ZB: I think it was because her story was so interesting and everything I heard about her was so interesting. There was this mystery to her. So I found that more intriguing than trusting my own imagination and coming up with something. I knew I couldn't really solve her mystery and I already knew from the very start I would never be able to fully explain her. But I can get all these ideas from her life story and maybe I'll have my own theory about her, which I do. And there were also so many horrible things that happened during that time, that reality beats fiction somehow. As I said during the premiere, I find her to be a very tragic and touching character. Really in need for something that she's never going to get.
TD815: One of the most interesting things about the film is that Maria’s character is that she’s not necessarily portrayed as a complete villain. There’s some ambiguity to her.
ZB: Yes, even though she does all these things, she's like a very, very lonely little girl. And that's very important to me because she really is a bad guy. She does so many bad things you can't really sympathize too much or explain it because the facts speak for themselves. But she had seven other siblings, and a very poor family and she was given away when she was five years old to serve as a maid. So I have to admire that a little bit since she found a way to climb some ladders. But at the same time, she made this Faustian Bargain, as I said at the premiere.
TD815: The music for Maria's Paradise is also something that was really striking because it has a very modern/techno vibe to it (similar to Miami). But given that this is a period piece, what made you decide to choose this type of music?
ZB: Well, I knew I wanted to play around a little bit with the genre. I didn't want it to be a heavy period piece or too traditional. I wanted to shake that a little bit, so then I started to think about the music, and classical pieces didn't really do it for me. I started thinking of the music around that preaching scene at the beginning of the film, and what that atmosphere should feel like. And I wanted to bring this pressure and something a bit scary to it.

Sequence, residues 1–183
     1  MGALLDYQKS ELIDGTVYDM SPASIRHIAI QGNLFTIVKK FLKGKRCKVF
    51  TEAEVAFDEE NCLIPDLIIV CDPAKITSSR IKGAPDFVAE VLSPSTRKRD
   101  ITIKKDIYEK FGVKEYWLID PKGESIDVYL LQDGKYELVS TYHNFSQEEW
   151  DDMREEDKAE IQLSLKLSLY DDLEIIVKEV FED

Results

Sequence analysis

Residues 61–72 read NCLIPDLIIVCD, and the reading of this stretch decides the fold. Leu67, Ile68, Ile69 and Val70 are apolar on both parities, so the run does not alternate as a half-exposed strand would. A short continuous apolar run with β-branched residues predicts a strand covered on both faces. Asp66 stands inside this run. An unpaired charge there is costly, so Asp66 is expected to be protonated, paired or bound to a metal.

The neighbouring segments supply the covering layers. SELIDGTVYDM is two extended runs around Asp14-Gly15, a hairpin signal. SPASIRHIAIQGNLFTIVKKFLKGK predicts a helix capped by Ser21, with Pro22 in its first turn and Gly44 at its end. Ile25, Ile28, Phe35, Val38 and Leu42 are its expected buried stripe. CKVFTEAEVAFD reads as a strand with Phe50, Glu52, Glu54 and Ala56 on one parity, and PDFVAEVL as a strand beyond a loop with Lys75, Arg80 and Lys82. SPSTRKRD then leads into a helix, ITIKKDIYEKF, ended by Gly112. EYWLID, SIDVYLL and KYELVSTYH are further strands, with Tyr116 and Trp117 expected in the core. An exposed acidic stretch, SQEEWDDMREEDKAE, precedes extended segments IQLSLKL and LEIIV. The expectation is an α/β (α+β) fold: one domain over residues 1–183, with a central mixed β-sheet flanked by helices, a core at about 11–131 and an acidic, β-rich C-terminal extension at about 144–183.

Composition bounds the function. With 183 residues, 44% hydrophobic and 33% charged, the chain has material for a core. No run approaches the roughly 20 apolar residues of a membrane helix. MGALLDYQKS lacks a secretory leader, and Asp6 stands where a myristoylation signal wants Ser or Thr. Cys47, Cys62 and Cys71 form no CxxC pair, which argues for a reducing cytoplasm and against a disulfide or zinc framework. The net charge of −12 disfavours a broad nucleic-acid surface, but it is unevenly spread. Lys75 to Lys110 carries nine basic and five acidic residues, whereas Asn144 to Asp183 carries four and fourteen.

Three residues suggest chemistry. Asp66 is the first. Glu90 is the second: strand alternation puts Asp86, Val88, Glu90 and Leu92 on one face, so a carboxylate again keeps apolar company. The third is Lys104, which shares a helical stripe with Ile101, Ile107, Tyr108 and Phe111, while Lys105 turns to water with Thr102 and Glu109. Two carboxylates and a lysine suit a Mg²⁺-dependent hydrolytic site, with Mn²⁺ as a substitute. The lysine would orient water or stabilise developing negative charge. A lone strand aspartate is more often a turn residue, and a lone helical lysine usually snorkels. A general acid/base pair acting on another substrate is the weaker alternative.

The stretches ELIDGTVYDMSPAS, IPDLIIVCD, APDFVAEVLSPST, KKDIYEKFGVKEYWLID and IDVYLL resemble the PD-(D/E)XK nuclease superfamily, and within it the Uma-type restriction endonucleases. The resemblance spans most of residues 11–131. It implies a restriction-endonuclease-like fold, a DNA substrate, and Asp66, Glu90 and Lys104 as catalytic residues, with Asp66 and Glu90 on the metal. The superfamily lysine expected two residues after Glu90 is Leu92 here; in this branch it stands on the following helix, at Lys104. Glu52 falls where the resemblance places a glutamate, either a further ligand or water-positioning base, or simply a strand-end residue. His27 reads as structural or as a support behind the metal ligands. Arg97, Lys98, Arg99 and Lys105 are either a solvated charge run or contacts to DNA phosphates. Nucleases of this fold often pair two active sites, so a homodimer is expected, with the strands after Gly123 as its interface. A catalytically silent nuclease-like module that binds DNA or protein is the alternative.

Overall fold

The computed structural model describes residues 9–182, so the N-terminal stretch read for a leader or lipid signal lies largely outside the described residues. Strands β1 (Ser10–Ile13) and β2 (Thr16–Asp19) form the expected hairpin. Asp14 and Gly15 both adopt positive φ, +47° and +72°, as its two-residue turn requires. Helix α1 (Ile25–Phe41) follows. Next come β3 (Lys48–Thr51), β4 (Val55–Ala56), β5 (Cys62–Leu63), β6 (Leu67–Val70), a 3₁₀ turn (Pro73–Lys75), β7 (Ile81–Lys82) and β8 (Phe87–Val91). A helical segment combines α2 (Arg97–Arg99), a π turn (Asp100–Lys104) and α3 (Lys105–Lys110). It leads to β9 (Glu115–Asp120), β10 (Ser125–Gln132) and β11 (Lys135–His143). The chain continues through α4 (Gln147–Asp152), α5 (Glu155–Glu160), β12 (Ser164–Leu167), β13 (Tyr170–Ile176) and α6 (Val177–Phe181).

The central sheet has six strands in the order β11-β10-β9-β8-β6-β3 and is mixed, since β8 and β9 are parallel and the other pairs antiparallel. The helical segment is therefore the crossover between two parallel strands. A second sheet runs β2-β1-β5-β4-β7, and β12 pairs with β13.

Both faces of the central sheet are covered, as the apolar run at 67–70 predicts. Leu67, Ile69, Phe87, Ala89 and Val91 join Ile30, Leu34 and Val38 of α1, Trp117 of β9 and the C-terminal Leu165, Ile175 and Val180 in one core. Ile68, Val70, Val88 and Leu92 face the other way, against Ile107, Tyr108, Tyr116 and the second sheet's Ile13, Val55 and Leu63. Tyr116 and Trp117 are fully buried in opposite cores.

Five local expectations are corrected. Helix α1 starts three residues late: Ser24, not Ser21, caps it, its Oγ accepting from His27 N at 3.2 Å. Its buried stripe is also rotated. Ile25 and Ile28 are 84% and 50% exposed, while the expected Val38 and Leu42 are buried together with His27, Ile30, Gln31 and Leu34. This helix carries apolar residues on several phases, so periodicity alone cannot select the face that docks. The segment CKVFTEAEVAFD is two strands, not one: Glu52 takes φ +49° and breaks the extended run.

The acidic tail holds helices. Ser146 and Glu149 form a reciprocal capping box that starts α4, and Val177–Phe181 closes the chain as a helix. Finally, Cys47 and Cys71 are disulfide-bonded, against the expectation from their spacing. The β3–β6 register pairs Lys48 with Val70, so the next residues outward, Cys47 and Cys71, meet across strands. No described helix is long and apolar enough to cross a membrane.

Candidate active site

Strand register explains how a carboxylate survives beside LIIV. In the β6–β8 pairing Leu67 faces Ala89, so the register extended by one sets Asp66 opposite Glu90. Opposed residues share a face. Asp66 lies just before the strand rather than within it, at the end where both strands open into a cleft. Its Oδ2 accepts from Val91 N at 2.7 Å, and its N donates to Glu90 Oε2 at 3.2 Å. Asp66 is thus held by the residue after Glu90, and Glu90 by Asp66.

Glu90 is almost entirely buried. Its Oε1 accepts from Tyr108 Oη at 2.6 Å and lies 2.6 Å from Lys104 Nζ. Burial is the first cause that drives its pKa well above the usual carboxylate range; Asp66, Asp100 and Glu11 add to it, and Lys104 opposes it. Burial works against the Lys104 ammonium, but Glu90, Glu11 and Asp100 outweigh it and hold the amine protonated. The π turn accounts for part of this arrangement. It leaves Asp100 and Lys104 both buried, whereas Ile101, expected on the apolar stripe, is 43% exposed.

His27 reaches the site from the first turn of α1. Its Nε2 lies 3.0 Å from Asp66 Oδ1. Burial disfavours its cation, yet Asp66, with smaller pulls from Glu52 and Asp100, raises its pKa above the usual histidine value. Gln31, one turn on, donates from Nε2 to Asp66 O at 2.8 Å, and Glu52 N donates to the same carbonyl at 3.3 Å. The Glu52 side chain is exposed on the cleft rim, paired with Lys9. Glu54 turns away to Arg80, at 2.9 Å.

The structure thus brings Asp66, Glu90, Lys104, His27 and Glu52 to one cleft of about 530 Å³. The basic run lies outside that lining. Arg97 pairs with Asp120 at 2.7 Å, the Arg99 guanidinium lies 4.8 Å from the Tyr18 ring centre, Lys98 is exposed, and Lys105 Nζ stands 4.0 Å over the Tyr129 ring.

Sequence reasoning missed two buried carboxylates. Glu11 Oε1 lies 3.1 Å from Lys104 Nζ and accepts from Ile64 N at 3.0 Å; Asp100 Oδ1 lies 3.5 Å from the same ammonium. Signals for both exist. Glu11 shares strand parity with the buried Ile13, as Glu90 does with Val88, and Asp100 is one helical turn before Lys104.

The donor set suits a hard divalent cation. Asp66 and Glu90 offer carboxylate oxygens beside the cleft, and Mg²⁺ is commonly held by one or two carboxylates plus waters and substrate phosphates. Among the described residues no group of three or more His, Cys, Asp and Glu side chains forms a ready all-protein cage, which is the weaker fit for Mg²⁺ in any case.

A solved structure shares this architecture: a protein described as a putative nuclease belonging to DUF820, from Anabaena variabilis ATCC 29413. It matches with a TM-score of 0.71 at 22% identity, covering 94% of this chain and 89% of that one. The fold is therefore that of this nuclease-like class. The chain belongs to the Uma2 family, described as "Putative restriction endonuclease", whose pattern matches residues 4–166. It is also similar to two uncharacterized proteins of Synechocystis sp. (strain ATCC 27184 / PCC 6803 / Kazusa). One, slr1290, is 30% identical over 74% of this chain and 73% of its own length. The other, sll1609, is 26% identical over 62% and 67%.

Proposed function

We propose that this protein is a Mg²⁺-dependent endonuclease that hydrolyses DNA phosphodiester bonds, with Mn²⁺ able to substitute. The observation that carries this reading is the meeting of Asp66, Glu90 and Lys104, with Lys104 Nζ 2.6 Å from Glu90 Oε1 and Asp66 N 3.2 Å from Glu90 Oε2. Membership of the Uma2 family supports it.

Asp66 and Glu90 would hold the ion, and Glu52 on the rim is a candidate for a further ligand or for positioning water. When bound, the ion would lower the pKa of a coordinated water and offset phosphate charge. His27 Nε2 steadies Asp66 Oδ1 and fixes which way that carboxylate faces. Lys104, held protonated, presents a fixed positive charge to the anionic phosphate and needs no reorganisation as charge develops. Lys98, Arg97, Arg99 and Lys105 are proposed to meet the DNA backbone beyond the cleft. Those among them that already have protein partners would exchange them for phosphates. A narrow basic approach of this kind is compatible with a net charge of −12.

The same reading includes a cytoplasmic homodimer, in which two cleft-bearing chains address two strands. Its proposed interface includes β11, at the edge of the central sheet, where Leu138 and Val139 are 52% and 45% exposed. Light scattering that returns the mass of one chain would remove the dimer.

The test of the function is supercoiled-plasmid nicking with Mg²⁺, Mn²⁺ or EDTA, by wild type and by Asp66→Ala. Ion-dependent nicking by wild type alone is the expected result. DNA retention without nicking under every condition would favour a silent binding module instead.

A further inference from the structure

TD815: You mentioned not wanting to stick to a single genre, so were you thinking about specific genres when making the film, and trying to avoid specific genres? Or did the genre labels come after you’re done making the film?
ZB: I think it just came together afterwards. And it’s really nice that you have seen Miami and The Good Son, because I don't really know what their genres are. They are drama films, but there is this thriller element in all of them too. That’s something I lean towards for some reason.
TD815: What about the audience, do you think about a particular kind of audience that you’re making the film for during the filmmaking process?
ZB: I'm thinking about it now. It will be really interesting because we are opening this film in Finland in a couple of weeks and I'm really wondering what our audience be like. Because in a way, this is a period film. But because we play around with the genre so much, it will be really interesting to see how people react to it.
TD815: But while you’re making the film, the intended audience isn’t something you’re really thinking about.
ZB: No, I haven't been able to do that yet, but I know it's really part of the business. But I've been lucky enough to have worked with people who take care of that. And I've also been given the space to do stuff that I really enjoy and I'm very lucky that I haven't had to think about that too much.
TD815: To end off, I was hoping to ask you about your thoughts on the cinema landscape of Finland. Is it pretty strong right now?
ZB: Yes. Finnish movies are really popular in Finland at the moment, and that's wonderful. Our audience has really started to support Finnish films and they are doing very well. I wish I had some numbers, but I think the situation has been really good recently. Of course, it's still a lot of Hollywood, and then some smaller cinemas show European or Asian films. But overall, the situation is very good for Finnish films and people really love seeing them.